The Robert Wood Johnson Foundation released a report in 2004 based on 600 studies that concluded that manipulated sound, like music, can have a dramatic effect on how fast and how well patients recover. Since then, hospitals and addiction treatment centers have been incorporating more music based groups into their recovery programs.

At The Treehouse, clients are encouraged to participate in music therapy groups regardless of their musical ability. For the non-musicians, Rodney runs lyrical analysis groups, songwriting groups and drum circles because, “everyone can hit a drum, even if it’s not with a good rhythm.” In the future, Rodney is looking to host more songwriting and performance groups for clients that are musicians in order to guide them back to their craft.

“Music therapy allows clients to get back in touch with something that they love but strayed away from during active addiction,” starts Rodney. “It also helps clients get back in touch with their humanity. They’re able to be themselves and not worry about anyone judging them outside of here.”

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How Is Music Therapy Used In Addiction Treatment And Recovery?

Addiction is a disease of isolation. It forces those struggling into hiding in order to feed their disease. Music, on the other hand, encourages listeners to connect with others, whether it be the person they’re performing with or the person they’re listening to.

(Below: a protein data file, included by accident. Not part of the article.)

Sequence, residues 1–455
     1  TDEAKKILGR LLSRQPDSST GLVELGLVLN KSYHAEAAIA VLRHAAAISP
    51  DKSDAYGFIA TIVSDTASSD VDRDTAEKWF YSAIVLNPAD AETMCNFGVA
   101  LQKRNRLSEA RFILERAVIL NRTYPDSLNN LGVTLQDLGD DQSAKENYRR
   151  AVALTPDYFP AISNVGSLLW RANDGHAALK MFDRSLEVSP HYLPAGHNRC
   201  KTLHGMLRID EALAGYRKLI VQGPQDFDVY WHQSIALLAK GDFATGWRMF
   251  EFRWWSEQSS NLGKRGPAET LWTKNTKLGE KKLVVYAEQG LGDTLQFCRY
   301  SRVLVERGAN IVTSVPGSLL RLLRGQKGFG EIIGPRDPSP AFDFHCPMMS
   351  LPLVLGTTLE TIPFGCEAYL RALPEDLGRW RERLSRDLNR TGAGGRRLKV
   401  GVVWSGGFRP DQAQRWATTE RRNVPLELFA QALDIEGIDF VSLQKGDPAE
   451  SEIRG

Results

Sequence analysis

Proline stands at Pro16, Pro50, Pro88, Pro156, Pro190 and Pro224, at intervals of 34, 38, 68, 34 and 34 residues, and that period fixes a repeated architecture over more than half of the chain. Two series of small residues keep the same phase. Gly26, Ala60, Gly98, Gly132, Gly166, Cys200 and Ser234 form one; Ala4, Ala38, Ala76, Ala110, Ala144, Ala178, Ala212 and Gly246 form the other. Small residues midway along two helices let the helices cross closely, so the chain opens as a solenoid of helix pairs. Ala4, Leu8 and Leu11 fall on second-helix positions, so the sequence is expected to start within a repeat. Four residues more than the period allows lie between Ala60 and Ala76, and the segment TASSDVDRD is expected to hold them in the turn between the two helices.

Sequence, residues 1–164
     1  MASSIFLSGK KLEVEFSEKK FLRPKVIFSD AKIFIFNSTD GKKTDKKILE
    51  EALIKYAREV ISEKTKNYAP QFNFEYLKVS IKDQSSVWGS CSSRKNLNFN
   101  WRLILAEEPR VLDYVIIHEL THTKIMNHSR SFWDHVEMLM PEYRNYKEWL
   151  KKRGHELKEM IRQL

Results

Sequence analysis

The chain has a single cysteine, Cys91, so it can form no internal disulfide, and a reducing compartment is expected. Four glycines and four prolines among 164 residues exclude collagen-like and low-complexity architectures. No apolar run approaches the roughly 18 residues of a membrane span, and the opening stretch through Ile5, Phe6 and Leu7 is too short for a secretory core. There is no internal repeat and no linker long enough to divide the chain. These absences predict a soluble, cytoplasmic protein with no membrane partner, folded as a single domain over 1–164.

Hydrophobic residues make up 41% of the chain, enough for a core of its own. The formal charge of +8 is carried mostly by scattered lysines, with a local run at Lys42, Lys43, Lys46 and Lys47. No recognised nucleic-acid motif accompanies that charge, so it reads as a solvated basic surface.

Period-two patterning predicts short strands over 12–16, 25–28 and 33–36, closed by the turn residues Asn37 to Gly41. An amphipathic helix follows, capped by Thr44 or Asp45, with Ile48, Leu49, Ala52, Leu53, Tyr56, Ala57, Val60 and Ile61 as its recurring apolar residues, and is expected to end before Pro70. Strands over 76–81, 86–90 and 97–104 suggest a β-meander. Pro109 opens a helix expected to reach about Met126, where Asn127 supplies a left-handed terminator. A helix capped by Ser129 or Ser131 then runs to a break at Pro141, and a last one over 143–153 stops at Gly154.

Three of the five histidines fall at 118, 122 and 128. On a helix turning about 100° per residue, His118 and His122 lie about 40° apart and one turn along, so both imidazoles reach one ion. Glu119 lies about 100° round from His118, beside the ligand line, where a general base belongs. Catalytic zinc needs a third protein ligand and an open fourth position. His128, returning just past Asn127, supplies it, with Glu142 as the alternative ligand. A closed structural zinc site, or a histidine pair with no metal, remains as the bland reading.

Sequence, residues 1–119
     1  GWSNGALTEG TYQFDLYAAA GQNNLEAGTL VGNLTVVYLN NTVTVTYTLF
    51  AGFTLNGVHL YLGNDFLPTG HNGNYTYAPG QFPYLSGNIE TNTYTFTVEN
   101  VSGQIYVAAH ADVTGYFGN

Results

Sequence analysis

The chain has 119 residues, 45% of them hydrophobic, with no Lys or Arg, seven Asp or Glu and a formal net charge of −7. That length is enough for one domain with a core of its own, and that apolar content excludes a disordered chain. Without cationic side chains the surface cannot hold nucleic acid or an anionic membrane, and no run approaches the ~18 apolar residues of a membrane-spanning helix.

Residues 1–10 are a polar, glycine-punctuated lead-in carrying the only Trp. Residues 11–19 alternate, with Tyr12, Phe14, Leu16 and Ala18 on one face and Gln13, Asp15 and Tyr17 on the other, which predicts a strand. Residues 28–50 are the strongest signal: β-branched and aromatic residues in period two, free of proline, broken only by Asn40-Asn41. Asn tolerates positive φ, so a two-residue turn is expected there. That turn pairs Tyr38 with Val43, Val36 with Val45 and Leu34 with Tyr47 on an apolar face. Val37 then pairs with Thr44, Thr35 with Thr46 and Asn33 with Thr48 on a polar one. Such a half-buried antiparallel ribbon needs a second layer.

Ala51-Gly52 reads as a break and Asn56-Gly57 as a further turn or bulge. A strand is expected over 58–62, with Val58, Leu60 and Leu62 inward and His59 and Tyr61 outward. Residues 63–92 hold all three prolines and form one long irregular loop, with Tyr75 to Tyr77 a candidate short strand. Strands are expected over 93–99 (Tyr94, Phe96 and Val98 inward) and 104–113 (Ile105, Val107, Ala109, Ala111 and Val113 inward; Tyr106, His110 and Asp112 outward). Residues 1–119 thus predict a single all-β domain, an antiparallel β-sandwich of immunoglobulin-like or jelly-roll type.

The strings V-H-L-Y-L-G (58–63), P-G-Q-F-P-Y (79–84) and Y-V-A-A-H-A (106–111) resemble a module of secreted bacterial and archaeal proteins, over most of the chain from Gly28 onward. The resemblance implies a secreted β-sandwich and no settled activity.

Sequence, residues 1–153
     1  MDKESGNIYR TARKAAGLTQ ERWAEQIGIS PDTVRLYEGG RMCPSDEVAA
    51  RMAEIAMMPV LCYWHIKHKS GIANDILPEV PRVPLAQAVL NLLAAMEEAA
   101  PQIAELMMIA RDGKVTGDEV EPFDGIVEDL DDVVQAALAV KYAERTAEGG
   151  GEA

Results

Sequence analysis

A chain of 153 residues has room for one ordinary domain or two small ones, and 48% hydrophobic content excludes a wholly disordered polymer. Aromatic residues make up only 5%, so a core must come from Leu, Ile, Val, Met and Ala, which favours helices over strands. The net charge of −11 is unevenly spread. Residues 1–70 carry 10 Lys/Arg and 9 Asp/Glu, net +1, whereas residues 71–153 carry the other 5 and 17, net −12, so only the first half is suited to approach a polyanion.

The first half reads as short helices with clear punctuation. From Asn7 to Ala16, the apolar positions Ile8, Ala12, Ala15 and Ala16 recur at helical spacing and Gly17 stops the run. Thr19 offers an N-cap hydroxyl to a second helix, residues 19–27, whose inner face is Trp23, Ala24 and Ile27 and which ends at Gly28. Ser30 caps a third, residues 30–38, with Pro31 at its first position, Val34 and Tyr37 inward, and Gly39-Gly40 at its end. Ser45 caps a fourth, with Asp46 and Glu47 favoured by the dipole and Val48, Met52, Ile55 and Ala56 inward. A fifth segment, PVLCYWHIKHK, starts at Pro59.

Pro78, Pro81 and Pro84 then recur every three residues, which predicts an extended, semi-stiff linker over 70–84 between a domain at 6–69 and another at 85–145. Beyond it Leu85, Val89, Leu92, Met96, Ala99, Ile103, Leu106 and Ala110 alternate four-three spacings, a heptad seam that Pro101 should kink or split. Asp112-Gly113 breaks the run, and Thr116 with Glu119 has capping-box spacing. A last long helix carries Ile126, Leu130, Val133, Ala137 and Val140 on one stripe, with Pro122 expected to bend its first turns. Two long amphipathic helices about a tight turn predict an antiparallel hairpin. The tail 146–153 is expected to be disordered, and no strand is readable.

“At the beginning of each group, I always ask three questions: ‘What was your first concert?’, ‘What was your favorite concert?’ and ‘What is your most memorable music experience?’,” says Rodney. “Usually you’ll find some sort of commonality with those three questions and it will start a conversation that leads to a positive connection. I start to see clients come out of their shell around week three,” he adds.

Those struggling with addiction have often spent years masking their emotions with drugs or alcohol. Due to this, Rodney sees clients struggling to recognize their negative emotions and unable to understand where they stemmed from. Even more so than identifying their feelings, clients have trouble learning to cope with these negative emotions without the assistance of drugs or alcohol. This is where music comes in.

“With the lyrical analysis groups, I just want people to come and listen and tell me how the song impacts them,” says Rodney. “Give me a song that changed your life and from that point, let’s start to understand what you’re feeling and why you’re feeling it.”

The power of music doesn’t just end after music therapy though. The unifying nature of music continues throughout every aspect of The Treehouse’s addiction treatment program.

“Clients will bring their guitar to the pond or the fire pit. They’ll just start playing a song, and other clients will begin singing along,” he explains. “Just that moment brings our clients together.”

As someone who witnesses the healing power of music each time he runs a music therapy session, Rodney encourages everyone to incorporate music into their addiction treatment plan. It’s not just his passion, but his calling.

“My life’s journey was trying to figure out how to help people and music at the same time,” he says, “and I think I’ve been given a really great opportunity to take this and turn it into a positive thing.”